Spoiler Scale (How spoilery is this article on a scale of 1 to 10?): 5
In 1947, a single mother from northern Florida, Martha Beck, placed a “lonely hearts” ad in a rag with a nationwide circulation, through which she met Raymond Hernandez from New York City, an ex-con/con man who preyed upon war widows and single women of means, relying upon the fact that they were often (but not always) too embarrassed to report being swindled. Through a letter-writing courtship, Raymond attempted to do the same with Martha, but when he realized she had no money to squander, he dumped her. Martha was not easily dissuaded, and once she was fired from her job as a nurse at a hospital, she showed up at Raymond’s doorstep. She catered to him. She threatened suicide. And when he confessed his modus operandi to her, she abandoned her children at a Salvation Army and joined him on his ventures, often posing as Raymond’s sister or sister-in-law to unsuspecting marks. The partnership turned homicidal as Martha became increasingly less comfortable with sharing Raymond, sexually or otherwise, even as part of a ruse. By the time they were arrested in 1949, it is believed that the pair had killed as many as 20 women.
Martha and Raymond were not what most most people would consider conventionally attractive, and that aspect, combined with an unapologetically lusty demeanor toward each other, fueled the freak show-spun media hype leading up to their executions in 1951.
Some stories have an amazing propensity to endure. And exclusive of other sources of entertainment media (e.g., episodes of TV series, plays), the story of Martha and Raymond, dubbed “Lonely Hearts Killers,” has endured through six international feature films over the course of six decades (including two relatively obscure Hollywood dramas not discussed here due to a lack of availability, Lonely Heart Bandits (1950), starring Dorothy Patrick and John Eldredge, and Lonely Hearts (1991), starring Beverly D’Angelo and Eric Roberts).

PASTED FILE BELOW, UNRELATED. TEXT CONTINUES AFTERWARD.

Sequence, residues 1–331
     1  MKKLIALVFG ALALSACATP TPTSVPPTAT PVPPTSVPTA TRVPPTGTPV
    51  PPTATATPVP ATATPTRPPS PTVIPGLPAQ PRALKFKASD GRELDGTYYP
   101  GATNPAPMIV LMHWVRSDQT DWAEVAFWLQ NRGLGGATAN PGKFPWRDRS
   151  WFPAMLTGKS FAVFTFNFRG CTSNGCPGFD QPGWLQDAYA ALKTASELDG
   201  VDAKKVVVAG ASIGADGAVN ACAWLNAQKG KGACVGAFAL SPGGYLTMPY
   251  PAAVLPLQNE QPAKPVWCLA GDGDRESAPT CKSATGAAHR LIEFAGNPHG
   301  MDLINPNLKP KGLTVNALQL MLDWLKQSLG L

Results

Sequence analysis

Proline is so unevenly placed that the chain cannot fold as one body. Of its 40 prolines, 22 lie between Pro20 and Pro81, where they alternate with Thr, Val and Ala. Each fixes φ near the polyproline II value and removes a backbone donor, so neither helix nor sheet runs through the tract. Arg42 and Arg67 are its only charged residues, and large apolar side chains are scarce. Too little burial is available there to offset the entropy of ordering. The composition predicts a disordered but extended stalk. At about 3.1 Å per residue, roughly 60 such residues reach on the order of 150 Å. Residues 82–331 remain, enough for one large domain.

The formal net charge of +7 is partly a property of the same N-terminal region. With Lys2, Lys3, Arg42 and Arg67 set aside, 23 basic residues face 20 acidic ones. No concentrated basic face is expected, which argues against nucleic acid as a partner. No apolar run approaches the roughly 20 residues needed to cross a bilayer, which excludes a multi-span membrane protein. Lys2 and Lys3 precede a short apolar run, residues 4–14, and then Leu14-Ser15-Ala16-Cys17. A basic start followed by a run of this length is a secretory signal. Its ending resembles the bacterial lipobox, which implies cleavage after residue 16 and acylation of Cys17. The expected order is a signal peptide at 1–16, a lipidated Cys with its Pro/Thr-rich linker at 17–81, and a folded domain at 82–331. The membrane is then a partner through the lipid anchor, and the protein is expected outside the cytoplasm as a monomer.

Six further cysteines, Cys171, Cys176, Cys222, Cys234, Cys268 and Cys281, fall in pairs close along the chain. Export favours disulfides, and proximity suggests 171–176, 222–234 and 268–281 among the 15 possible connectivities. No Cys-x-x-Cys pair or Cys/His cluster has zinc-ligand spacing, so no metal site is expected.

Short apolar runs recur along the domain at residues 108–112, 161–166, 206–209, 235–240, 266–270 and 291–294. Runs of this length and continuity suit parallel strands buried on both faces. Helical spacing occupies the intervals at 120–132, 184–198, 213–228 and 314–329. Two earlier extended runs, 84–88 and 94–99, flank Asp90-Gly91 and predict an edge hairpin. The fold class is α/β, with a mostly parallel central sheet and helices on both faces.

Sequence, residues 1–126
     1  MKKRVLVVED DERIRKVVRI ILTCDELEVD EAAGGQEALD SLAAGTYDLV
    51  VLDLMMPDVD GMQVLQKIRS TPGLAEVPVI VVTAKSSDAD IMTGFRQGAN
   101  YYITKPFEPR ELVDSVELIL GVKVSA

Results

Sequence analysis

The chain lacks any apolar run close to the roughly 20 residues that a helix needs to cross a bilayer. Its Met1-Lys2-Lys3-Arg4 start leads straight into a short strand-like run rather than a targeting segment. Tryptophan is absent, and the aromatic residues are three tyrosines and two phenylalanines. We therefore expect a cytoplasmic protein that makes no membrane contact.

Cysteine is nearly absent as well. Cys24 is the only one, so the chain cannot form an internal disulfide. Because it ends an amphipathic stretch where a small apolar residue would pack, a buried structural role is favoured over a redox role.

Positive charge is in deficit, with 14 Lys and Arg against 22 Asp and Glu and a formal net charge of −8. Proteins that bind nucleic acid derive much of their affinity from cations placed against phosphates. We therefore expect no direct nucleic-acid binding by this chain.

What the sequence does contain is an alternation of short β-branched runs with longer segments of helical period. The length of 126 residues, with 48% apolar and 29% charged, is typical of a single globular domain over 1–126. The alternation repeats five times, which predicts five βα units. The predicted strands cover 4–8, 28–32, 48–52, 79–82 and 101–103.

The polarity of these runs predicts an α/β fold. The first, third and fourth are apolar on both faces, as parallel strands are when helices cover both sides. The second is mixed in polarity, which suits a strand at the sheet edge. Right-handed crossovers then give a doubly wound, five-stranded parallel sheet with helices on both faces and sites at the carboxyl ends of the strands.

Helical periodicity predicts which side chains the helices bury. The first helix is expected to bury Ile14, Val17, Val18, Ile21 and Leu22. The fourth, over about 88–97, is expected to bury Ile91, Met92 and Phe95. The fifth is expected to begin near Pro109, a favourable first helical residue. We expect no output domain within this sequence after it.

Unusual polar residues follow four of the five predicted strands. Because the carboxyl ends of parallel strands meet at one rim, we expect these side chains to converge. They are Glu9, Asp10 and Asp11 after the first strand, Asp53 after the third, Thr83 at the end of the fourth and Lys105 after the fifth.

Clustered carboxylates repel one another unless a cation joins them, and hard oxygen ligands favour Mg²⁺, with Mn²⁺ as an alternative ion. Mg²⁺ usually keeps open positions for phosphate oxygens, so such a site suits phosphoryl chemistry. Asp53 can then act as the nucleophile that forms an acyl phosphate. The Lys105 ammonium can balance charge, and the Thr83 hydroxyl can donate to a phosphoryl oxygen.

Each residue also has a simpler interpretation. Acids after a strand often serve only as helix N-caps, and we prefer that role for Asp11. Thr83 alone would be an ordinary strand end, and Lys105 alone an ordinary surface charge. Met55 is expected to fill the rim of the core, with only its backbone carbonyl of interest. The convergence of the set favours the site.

The U.S. cult classic, The Honeymoon Killers (1969) (originally titled “Dear Martha”), which was famously branded as François Truffaut’s “favorite American film,” represents an alternate legacy to the influence of the French New Wave in the U.S. – a DYI, pre-punk sensibility to independent filmmaking in defiance to the New Hollywood. Opera composer Leonard Castle took an interest in the Lonely Hearts Killers story and persuaded Warren Steibel, producer of the show Firing Line, to put up $150,000 to make a feature film. With connections as limited as their budget, Castle ended up conducting research directly from the courthouse records, boning up on screenplays he appreciated to write his own, casting the parts, and ultimately, taking up the mantle as director after a young upstart Martin Scorsese was fired early on for spending too much time shooting a beer can. Inspired by the revulsion Castle harbored against the glamorously-cast New Hollywood harbinger, Bonnie & Clyde (1967), he cast Shirley Stoler as Martha for her “gorgeous” appearance – a look that would later influence John Waters’ own casting choices.